This article hadn't been updated for a few months, and I had the chance to a long version of it for The O'Reilly Network, which you can find . For archive purposes, I'll leave the version below.
Archived version of article as of 11/02:
In Feb. 2001, I filed a long story (free reg. required) for The New York Times on for-fee wireless network providers. As the year progresseed, I've been tracking these networks' progress, and late last year, I filed an update on the progress of wireless deployment in airports (free reg.) for the same newspaper.
The slowdown of the economy put the kabosh on several of the networks I was tracking, and changed the deployment rate of others. The original projections for growth by the providers (wireless ISPs) profiled in Februrary now appear somewhat grandiose.
The latest trend appears to be a more conservative growth as wireless ISPs shift their costs from their own capital base onto their partners, such as hotels and conference centers. In the case of airports, the port and airport authorities have influenced and slowed this process after being burned one or more times by firms that shut down operations or changed business models after signing agreements.
Nonetheless, industry analysts, wireless ISPs, airport authorities, and many others say that ubiquitous Wi-Fi is inevitable as it becomes expected by business travelers. The cost may cause hotels and others to delay full installation for months or a year or two, but the expectation is that by 2005 at the latest, virtually all business venues will have Wi-Fi or similar access.
The ongoing confusion over emerging wireless flavors, and Bluetooth's ultimate impact and installed base, has also slowed some deployments. Many wireless providers are talking openly about installing two-or-more-flavor hot spots. Concourse, for instance, may put in Bluetooth hot spots (small areas of access for the very short-range protocol) and ubiquitous 802.11b service.
Another factor preventing the growth in usage of wireless ISPs themselves has been their account and access policies, requiring a separate account for each network. Roaming would allow users of one wireless ISP to pay a per-minute fee or have inclusive access to other wireless networks without a separate logon identity, just as cell phone users can generally roam without a hassle.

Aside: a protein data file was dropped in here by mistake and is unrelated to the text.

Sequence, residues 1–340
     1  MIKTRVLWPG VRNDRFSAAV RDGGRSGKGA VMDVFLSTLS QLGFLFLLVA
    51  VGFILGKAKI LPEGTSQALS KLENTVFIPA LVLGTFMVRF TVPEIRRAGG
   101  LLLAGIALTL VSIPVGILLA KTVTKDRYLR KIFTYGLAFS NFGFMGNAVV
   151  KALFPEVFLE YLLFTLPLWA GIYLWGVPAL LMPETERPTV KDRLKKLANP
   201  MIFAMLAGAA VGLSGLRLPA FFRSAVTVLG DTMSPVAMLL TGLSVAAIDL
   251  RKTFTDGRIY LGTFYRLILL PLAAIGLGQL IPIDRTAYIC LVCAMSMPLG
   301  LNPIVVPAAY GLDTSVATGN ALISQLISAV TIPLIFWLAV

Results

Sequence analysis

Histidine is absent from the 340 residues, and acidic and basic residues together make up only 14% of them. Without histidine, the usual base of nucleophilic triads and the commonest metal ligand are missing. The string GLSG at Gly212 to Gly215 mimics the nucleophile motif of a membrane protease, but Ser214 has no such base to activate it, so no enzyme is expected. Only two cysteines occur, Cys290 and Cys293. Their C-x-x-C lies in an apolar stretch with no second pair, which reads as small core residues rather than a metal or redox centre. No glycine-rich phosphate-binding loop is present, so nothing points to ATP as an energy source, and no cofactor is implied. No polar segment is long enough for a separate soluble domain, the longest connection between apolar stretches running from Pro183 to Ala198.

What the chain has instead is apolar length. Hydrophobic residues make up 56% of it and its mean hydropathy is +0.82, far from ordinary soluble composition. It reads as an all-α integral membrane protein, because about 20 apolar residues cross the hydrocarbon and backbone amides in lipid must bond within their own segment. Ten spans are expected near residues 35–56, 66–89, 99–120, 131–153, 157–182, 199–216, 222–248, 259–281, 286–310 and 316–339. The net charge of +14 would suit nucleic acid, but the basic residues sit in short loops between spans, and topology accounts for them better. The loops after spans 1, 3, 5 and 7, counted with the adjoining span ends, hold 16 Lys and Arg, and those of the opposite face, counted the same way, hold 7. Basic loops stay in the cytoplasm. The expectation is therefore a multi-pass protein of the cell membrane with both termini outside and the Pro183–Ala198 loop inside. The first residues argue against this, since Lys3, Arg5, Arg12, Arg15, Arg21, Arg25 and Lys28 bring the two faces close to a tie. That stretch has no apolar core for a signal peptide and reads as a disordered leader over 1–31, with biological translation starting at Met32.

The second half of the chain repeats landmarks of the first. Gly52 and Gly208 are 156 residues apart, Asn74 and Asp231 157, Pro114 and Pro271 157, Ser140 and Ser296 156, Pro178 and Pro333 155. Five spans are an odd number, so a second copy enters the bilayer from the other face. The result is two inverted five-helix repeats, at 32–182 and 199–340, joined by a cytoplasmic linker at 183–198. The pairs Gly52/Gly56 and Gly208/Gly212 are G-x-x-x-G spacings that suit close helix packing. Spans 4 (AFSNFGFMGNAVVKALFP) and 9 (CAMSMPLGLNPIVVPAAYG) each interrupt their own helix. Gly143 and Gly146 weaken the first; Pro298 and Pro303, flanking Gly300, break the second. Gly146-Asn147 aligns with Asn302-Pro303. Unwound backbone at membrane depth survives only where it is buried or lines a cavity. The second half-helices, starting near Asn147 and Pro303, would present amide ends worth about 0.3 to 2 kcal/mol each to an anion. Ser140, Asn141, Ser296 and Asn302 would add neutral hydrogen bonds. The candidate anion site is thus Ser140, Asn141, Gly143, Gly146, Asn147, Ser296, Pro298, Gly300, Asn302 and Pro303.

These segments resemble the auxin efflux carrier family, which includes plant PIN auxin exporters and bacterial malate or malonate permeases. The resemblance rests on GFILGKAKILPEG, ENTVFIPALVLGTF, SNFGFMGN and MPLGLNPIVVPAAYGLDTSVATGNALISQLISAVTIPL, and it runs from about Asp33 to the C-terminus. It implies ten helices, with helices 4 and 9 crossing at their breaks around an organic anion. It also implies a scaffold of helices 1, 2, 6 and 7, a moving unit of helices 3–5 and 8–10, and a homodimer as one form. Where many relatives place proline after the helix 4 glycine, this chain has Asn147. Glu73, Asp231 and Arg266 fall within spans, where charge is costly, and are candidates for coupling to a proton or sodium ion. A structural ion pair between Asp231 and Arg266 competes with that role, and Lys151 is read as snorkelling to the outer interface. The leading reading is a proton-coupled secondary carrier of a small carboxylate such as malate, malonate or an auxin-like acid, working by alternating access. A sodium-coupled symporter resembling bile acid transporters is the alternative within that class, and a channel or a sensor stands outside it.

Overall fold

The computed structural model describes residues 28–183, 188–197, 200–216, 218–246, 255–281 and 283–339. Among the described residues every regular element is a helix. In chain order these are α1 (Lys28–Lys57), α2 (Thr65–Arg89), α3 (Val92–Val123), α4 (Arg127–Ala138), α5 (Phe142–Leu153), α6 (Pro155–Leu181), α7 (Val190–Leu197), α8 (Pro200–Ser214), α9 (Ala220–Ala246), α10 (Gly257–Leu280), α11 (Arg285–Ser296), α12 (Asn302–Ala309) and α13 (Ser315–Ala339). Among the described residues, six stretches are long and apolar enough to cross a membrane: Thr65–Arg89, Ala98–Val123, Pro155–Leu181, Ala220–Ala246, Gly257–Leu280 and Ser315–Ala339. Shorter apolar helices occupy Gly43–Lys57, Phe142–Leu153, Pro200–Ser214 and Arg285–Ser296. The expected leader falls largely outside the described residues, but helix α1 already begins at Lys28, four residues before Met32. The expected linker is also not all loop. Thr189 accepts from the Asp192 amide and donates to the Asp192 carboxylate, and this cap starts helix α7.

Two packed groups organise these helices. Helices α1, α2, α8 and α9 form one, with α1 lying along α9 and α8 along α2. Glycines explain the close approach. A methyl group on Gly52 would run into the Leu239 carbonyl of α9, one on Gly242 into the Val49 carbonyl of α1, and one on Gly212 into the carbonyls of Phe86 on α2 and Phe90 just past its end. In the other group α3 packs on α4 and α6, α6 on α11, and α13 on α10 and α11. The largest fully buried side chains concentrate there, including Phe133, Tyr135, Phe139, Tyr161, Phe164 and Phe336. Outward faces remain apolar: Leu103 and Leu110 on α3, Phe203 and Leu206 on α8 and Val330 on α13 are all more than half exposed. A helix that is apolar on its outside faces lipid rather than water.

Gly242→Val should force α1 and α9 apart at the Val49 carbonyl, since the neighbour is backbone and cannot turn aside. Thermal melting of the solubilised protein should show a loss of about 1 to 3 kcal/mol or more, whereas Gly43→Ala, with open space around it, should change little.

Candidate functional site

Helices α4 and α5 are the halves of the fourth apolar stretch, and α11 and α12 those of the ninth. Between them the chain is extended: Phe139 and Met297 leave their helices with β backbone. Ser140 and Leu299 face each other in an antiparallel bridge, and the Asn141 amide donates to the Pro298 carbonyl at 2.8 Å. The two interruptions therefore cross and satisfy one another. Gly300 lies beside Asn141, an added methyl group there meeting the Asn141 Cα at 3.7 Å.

Network roaming is still an issue, but less and less every day as individual wireless ISPs join or partner with aggregators, like iPass and hereUare Communications. Boingo Wireless is one of the highest-profile, focusing entirely on wireless (iPass does dial-up, too) and 24-hour sessions as the basis of their service. (Note: hereUare was up for sale or shut in late July 2002.)
iPass works mostly with companies that have employees who travel around the U.S. or the world. They have relationships with many dial-up, wireless, and wireline ISPs, allowing their customers to run a small software client (with embedded virtual private network or VPN software) that connects them reliably and securely wherever they are in the world at a known cost. iPass has a deal with Wayport to use their network, and is providing the back-office billing and account management for Concourse (see more about Concourse below).
hereUare billed itself from its start as a wireless back-office firm that would allow individual outlets up to national networks to outsource some or all of their billing and account management or just join up with a network of partners, allowing simple roaming. hereUare's backers are identical to the investors in WiFi Metro which purchased AirWave's remaining outlets in early November 2001.
Boingo Wireless has partnered with Wayport and several other wireless ISPs to offer a single branded service using those hot spots as their network, and a client software package (with a VPN and authenticated SMTP) to handle the complications with authentication.
Plenty of regional ISPs now provide wireless links to their consumer and business customers. It's likely that as roaming becomes simpler and integrated that these ISPs will convince retail outlets to join a network as a method of increasing revenue as well as allowing the ISP more coverage for its existing customers.
Here's the overview of all the current large-scale providers in North America. (Please excuse the regional bias: exciting deployments are happening internationally as well, but they're tougher for this Seattle-based correspondent to track. Watch for reports outside the U.S. and Canada soon.)
AirWave, in February, seemed primed to expand beyond their coffee shop and restaurant base in the San Francisco Bay Area - but the crash hit them just as they started their expansion. Funded by idealab, AirWave listed fewer and fewer locations on their Web site until Nov. 6, 2001, when they sold their network to WiFi Metro.